# Mentor Blogs

28 Jan, 2013
System Modeling

## VHDL-AMS Stress Modeling - Part 2

Posted by Mike Jensen

In

Part 1

of this series I started work on a simple resistor model as a way to illustrate some of the flexibility the VHDL-AMS language offers when creating simulation models. Recall that one of the advantages of VHDL-AMS is adding detail to models – a benefit not available with all modeling languages or methods. With VHDL-AMS, it’s possible to get your model and simulator to report performance details not available with other tools. To illustrate this flexibility, my resistor model will include a power dissipation calculation, and a comparison of the result with a user defined power limit to determine stress conditions.

Before jumping into the next model piece, however, I’ll tie up a loose end I left dangling in my earlier post. I mentioned the use of “==” when formulating device equations in a VHDL-AMS model. And at that time I said to simply interpret the syntax as “equal to”. But that definition doesn’t quite cover what’s going on inside the simulator. The “==” is more accurately interpreted as “balance both sides of the equation”. Once the simulator generates a matrix of equations that represent the system, the unknowns are adjusted during simulation, through a series of iterations, until all equations are solved within a user defined accuracy.

Now back to my resistor model. I’m going to jump right into the next architecture, so if you need a review (or a preview) of the model so far, take a quick look at Part 1. Up to this point it’s a basic Ohm’s Law-based resistor: voltage across the resistor is directly proportional to the product of the current and resistance. Now it’s time to add commands to calculate the power.

Recall once again from your first physics or electric circuits class that the power dissipated in a resistor is dependent on any two of its three operating parameters: voltage, current, resistance. There are a few different combinations of these parameters that calculate power, but I’ll use the following:

power = voltage x current

Based on this equation, here is the next section in my model:

1: architecture power1 of resistor is

2: quantity vres across ires through p1 to p2;

3: quantity pwr : power;

4: begin

5: vres == ires*res;

6: pwr == v*i;

7: end architecture power1;

Here I’ve created a new architecture named “power1” for the resistor model. This architecture is the same as the “basic” architecture in my earlier post, except that its name is changed and Lines 3 and 6 are added to setup the power calculation. Line 3 defines a new quantity named “pwr” (remember that a quantity is an analog element in a model) with an assigned VHDL-AMS type of “power”. Note that pwr is not directly associated with the p1 and p2 ports of the model. Therefore the type assignment simply determines what units will be used (in this case “watts”) to plot the pwr quantity. Line 6 calculates pwr as the product of the voltage across the resistor and the current through it, as define in the standard power equation above. This architecture can be added to the model in Part 1 to create a resistor model with one entity and two architectures (recall that a VHDL-AMS model can only have one entity, but multiple architectures). When I use the resistor model in a SystemVision schematic, I can select which architecture to use for that resistor instance. If I choose the power1 architecture, the resistor’s power is calculated at each time or frequency step during the simulation, and becomes a waveform I can plot when the simulation is finished.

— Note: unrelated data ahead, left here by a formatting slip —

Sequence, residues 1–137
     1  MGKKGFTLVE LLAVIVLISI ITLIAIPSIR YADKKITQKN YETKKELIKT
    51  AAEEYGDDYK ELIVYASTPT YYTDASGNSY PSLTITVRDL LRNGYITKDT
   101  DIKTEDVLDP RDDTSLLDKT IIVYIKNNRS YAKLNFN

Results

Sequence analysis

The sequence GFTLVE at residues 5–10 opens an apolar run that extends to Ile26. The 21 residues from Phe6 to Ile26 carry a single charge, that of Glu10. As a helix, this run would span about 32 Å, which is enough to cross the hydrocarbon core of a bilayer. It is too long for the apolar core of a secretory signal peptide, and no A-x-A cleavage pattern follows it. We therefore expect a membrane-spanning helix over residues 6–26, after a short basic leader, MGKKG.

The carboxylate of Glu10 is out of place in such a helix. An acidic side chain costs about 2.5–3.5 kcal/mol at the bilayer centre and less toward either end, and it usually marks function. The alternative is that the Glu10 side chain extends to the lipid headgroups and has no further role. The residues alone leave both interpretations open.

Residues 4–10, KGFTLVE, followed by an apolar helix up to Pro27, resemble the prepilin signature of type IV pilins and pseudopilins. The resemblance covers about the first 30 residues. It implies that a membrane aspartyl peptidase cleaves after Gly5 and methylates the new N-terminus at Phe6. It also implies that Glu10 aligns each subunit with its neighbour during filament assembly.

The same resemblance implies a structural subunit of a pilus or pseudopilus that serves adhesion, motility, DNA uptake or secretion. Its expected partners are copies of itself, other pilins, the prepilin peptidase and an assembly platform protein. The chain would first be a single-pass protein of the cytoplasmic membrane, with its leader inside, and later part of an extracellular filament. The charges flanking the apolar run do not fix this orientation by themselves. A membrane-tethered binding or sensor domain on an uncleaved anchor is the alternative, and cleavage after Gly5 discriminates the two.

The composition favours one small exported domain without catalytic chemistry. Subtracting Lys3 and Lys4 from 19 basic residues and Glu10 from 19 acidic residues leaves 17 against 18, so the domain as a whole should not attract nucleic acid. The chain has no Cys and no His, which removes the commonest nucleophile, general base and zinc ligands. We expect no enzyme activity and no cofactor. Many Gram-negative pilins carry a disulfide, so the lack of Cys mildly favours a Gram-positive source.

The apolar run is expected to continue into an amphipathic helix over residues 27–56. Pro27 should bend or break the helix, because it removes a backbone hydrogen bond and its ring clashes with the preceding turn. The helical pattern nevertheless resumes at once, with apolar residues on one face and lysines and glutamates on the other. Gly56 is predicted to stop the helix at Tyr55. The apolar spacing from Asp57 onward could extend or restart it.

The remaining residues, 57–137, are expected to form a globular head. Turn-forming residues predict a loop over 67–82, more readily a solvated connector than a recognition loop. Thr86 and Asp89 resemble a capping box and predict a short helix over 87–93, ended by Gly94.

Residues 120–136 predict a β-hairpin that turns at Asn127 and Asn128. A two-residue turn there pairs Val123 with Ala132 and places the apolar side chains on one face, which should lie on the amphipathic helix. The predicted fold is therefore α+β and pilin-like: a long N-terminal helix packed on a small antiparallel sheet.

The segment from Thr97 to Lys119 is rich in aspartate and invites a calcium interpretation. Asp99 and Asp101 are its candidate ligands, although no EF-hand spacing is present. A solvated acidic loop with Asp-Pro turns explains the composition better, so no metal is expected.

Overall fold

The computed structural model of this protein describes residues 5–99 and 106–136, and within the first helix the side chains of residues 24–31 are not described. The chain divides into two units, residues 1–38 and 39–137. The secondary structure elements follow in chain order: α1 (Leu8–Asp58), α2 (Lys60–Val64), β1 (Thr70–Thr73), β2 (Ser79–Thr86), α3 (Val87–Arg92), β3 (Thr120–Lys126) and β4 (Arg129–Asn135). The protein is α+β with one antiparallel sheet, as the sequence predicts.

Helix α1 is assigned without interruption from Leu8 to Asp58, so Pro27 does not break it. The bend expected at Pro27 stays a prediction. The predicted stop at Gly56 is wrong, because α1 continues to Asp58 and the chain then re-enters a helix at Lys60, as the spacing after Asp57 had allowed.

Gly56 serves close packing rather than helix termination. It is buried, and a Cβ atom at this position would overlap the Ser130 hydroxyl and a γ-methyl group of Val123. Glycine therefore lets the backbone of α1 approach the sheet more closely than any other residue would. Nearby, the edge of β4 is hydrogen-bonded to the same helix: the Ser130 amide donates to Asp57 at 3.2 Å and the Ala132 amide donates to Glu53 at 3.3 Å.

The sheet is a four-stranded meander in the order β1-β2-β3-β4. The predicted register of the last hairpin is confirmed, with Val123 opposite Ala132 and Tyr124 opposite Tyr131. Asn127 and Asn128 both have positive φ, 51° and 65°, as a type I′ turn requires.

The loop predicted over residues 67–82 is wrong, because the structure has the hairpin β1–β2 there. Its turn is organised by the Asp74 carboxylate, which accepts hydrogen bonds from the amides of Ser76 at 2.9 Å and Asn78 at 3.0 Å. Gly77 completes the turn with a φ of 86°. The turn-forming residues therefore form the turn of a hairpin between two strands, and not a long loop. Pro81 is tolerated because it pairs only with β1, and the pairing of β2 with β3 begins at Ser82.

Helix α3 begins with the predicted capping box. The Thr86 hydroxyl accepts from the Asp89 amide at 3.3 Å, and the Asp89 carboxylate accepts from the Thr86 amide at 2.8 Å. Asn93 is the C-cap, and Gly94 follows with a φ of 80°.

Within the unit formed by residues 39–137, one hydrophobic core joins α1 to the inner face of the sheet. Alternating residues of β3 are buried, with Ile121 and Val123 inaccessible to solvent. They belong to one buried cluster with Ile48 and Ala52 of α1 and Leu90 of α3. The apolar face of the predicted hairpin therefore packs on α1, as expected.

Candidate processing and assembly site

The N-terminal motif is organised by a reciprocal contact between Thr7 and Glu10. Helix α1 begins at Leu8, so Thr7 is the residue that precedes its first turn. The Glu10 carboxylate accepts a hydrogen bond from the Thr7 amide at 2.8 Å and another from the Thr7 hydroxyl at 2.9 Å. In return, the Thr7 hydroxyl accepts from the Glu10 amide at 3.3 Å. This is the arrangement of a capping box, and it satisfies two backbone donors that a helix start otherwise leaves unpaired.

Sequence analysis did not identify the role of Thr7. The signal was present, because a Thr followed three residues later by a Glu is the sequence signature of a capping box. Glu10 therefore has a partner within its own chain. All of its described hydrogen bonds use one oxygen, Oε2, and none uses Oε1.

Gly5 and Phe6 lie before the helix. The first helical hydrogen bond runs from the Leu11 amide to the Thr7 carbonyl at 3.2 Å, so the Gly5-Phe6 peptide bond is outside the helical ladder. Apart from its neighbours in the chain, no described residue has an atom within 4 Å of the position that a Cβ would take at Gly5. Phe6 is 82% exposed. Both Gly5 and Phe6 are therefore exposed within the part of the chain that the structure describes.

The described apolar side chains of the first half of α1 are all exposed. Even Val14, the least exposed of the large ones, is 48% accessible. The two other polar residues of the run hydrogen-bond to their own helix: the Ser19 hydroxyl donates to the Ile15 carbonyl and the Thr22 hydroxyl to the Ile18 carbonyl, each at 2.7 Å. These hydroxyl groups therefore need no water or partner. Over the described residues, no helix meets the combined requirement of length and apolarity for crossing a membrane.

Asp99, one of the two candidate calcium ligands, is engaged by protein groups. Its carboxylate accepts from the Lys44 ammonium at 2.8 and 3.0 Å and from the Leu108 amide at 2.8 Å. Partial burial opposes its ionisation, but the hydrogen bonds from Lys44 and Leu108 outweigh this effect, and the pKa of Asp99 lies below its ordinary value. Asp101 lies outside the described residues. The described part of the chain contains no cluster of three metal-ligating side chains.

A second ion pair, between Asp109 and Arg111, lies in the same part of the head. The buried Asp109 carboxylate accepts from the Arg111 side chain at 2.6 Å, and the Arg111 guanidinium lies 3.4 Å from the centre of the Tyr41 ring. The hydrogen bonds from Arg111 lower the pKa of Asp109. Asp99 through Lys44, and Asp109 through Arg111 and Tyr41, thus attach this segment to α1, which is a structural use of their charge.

Now that my basic resistor is complete, I can add details that will determine if the power exceeds a user defined power rating. In Part 3 of this series I’ll create another new architecture that detects when the resistor’s power exceeds a user defined limit, and notifies me when there is a problem.

29 Oct, 2012
System Modeling

## Preserving Expertise

Posted by Mike Jensen

Like many youth since time began and there were pianos to play, my daughter takes piano lessons. In musical ways, she is much like her mom. Both play piano and sing beautifully. And like her mom, my daughter’s talent is several notches above average, at the level that leaves you wanting to hear more when each piece is over. I recently attended a recital to listen to my daughter and her fellow … Read More

7 Aug, 2012
System Modeling

## Tsunami Remnants

Posted by Mike Jensen

I’m back at my keyboard after a brief, but enjoyable, vacation. Like last year, I trekked with my family to the Oregon Coast. Yes, we enjoy time at the beach, though this time we travelled with extended family so we spent a bit more time driving around site seeing than playing in the tide. In seven days I personally logged some 1200 miles in the driver’s seat. Luckily I don’t mind … Read More

30 Mar, 2012
System Modeling

## Analog Modeling - Part 6

Posted by Mike Jensen

In Part 5 of this series we used the mathematical descriptions of the thermal and electrical properties of an incandescent lamp to create the architecture of a VHDL-AMS-based simulation model. Now it’s time to finish the model, and this blog series, by creating a VHDL-AMS entity for the lamp model. As I mentioned in Part 5, the VHDL-AMS entity defines how a model connects to other elements in a system, … Read More

23 Mar, 2012
System Modeling